House was right. Cuddy had moved away, moved from Princeton, started a new job, built a new life. But she hadn't moved on. Not from the strange, twisted love-hate, needy relationship she had shared with House. The realization struck Wilson that Cuddy hadn't even mentioned going out on a date in nearly two years.
Maybe she was too frightened. At least that's what she seemed to hint at when Wilson and she had engaged in a truly heart-to-heart talk.
But Wilson didn't think that was it at all. When they finally broached the subject of House, Cuddy's eyes flashed, not with anger or fear. Wilson saw love, love only partially hidden by a thin veneer of pain and regret.
And somehow House knew. Like some sort of all-too-accurate psychic, the genius bastard knew. Maybe House's connection with Cuddy was so powerful, so innate that it did border on the spiritual. House knew Cuddy better than anyone else, knew her feelings and emotions, her loves and hates. Maybe, just maybe, House knew Cuddy better than she knew herself.
But was House truly sincere in wanting to make an apology, in releasing her from the stranglehold his love still had upon her? Or would his reemergence in her life simply conjure up so many storms, both past and present, that Cuddy would have to once more weather?
Wilson needed to find out.
"What are you saying House?" Wilson said. "Are you saying you need to see her to apologize to her? To let her move on? You want to see her for her?"
"Yes," House said almost inaudibly. He cast his eyes to the floor for a moment and then raised them to once again meet his friend's astonished gaze. "I've thought about this for a long time Wilson. Long before this thing with Chase happened. But now I know for sure. I've got to let her know . . . I mean she needs to know I don't wish her any harm."
"You sure have a strange way of showing someone you don't mean them any harm, by parking your car in their dining room!"
The pain in House's gaze made Wilson again turn his head.
"That wasn't meant for her."
"Then whose dining room did you mean to crash into? Did your GPS forget to recalculate how to get to the parkway?"
House was glaring at Wilson now. "You were there! You know that I didn't . . ."
"I don't know anything except that I broke my wrist jumping out of the way of your car as you smashed into Cuddy's house! What the hell else am I supposed to . . ."
"I wasn't trying to hurt you either!"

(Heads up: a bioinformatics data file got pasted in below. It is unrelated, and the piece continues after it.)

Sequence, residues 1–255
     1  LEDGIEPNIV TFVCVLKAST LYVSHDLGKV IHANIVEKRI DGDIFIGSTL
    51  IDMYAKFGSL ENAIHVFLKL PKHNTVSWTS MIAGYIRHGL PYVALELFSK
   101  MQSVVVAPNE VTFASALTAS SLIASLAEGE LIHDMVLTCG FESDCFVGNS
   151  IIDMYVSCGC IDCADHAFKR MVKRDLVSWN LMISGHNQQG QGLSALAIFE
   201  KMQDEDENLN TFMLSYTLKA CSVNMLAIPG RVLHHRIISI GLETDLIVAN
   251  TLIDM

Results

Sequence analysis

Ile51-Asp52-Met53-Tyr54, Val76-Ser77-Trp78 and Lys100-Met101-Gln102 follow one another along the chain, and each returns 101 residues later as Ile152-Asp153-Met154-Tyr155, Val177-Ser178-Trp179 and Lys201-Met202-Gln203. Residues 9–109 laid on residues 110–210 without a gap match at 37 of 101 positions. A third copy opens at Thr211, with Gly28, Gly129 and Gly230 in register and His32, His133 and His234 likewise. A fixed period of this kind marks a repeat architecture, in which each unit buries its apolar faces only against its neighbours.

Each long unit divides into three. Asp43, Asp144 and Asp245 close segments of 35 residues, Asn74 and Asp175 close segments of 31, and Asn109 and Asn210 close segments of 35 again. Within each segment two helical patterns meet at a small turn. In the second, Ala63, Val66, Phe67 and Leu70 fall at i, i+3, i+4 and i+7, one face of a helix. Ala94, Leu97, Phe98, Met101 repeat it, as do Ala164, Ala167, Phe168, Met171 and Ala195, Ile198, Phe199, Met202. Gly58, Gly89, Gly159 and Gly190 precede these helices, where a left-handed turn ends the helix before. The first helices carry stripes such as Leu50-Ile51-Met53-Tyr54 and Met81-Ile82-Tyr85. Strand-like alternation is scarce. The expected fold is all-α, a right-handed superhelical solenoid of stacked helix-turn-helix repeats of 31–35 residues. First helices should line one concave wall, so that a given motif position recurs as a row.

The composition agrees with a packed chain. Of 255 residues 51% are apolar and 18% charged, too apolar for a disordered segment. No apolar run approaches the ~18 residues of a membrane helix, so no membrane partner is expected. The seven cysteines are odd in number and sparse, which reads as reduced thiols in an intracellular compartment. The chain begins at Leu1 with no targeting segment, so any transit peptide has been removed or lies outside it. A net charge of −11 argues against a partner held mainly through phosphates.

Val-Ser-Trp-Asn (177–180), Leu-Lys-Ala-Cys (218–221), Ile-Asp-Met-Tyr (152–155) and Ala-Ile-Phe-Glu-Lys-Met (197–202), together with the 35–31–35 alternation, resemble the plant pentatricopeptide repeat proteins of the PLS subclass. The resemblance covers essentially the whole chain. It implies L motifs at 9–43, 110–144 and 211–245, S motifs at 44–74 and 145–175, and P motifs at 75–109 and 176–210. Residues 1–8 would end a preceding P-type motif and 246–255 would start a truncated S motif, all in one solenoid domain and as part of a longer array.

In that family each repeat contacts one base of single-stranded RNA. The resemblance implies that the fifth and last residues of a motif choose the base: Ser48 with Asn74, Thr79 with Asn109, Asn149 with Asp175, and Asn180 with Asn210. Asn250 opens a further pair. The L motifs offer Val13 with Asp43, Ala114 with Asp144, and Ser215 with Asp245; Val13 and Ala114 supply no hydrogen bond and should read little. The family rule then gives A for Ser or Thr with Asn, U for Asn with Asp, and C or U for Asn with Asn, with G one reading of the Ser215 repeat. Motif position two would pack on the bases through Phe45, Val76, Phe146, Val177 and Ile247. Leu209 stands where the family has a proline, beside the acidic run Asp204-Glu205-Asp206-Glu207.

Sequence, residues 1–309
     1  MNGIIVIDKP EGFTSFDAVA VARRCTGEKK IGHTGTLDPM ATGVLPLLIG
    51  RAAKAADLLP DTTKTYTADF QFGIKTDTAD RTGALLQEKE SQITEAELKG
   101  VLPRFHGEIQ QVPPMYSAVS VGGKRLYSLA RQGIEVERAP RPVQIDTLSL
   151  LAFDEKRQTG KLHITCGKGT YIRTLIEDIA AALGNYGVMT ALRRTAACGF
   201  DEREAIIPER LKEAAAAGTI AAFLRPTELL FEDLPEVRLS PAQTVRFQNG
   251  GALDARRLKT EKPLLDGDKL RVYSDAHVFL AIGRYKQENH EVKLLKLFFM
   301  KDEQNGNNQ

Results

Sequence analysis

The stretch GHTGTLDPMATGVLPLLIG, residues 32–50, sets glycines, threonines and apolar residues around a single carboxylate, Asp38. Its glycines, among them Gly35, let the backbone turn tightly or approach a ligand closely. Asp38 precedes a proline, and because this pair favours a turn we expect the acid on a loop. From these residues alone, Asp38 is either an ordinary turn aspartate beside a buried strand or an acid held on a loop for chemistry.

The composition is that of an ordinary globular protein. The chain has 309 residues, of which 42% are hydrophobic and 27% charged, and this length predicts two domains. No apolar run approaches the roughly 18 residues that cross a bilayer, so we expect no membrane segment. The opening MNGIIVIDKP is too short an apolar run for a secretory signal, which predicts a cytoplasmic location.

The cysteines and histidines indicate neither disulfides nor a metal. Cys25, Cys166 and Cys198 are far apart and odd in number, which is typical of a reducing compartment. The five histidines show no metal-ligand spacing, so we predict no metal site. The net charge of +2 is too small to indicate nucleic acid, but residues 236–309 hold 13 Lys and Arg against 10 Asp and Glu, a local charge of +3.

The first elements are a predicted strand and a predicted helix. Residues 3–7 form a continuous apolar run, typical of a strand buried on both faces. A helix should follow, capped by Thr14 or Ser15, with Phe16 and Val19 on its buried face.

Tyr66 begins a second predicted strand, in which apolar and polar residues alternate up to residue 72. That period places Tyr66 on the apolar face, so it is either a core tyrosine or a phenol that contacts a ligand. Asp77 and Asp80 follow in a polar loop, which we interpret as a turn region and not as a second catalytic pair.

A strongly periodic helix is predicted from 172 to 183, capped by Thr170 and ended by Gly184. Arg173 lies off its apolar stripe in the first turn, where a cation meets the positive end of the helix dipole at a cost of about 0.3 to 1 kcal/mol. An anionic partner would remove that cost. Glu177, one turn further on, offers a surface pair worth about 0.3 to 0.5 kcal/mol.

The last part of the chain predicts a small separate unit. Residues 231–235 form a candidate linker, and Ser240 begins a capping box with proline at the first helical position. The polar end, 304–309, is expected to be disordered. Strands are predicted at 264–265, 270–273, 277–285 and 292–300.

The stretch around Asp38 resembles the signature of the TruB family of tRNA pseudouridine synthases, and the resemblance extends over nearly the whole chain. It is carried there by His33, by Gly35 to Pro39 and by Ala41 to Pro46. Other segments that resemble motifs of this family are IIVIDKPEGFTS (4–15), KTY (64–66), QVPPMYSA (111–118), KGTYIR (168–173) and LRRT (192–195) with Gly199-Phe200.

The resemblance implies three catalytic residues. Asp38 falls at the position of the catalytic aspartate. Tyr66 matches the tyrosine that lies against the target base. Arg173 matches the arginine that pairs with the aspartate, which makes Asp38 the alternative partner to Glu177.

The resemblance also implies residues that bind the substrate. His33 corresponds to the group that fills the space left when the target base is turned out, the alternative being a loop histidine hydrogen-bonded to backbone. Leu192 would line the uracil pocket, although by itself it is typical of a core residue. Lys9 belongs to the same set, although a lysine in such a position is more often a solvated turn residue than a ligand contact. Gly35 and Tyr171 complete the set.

"You weren't aiming at Cuddy? You weren't aiming at me? Who the hell were you trying to . . . ?"
"ME, YOU IDIOT!"
House's face was flushed and he was breathing hard with the effort of trying to rein in his emotions a second too late.
"What?" Wilson said, shock subduing his voice. "I don't understand. I don't know . . ."
House dropped his head and slumped his shoulders. He looked utterly defeated.
"I wanted to die. I wanted to kill myself. Not anyone else." House sighed. "Stupid seatbelt."
"House I . . . why didn't you tell me this before?"
"What good would it do? You can't change the past."
"No. But you can acknowledge your mistakes and then try to move on."
House raised his eyes to meet Wilson's steady gaze. "Yeah, that's what Nolan said. A long time ago."
"Are you trying . . . Are you ready, I mean do you want to move on now? Finally?" Wilson asked.
"I don't know." House's blue eyes seared into Wilson. "But I think it's high time Cuddy moved on. Don't you?"
Wilson's hand brushed forward, the gesture splaying his fingers in the air. "And you don't want anything?"
"For myself? No. I only want her . . . I want her to finally be free of me. I want her to move forward. Be happy." When House finished talking, his voice was barely more than a whisper.
Wilson stood up. Placing both hands on his desk, he leaned his weight onto them, dropping his head between his shoulders. Then he raised his head to look back at House from beneath his lowered brow. House had not moved. All of his questions regarding House's motivations were instantly erased the moment he met his friend's gaze.
No malice dwelt there. Nor any game-playing or manipulation. House's mask of impenetrable indifference had slipped. And all that was left behind was an azure gaze filled with so much anguish, regret and self-loathing that Wilson felt there would never be enough time for it all to ever heal.
"Cuddy moved out of state," Wilson said quietly. "But every six weeks or so, she brings Rachel to visit her grandmother. Arlene still lives in Jersey so you won't be violating your parole by leaving the state." He paused momentarily, looking at House, gauging his reactions. House stood as motionless as if he were carved out of marble.
"This weekend is the sixth week," Wilson went on. "She and Rachel will be at Arlene's this weekend."
House nodded and silently turned back toward the door.
"House! Don't make me regret betraying Cuddy's secret."
House, still facing the door, answered, "I won't. Oh and Wilson?"
"I'm sorry about your wrist."
House turned the handle of the door and went through it, closing it behind him and leaving James Wilson staring after him with a look that could only be described as wonderment.